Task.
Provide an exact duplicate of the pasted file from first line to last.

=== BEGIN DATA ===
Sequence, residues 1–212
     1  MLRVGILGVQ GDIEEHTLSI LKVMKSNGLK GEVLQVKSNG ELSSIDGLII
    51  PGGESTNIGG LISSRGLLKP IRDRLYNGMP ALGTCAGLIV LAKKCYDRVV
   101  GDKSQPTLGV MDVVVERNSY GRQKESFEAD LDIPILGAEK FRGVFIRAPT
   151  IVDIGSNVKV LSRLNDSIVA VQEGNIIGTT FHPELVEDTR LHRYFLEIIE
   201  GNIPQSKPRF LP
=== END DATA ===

Sequence, residues 1–212
     1  MLRVGILGVQ GDIEEHTLSI LKVMKSNGLK GEVLQVKSNG ELSSIDGLII
    51  PGGESTNIGG LISSRGLLKP IRDRLYNGMP ALGTCAGLIV LAKKCYDRVV
   101  GDKSQPTLGV MDVVVERNSY GRQKESFEAD LDIPILGAEK FRGVFIRAPT
   151  IVDIGSNVKV LSRLNDSIVA VQEGNIIGTT FHPELVEDTR LHRYFLEIIE
   201  GNIPQSKPRF LP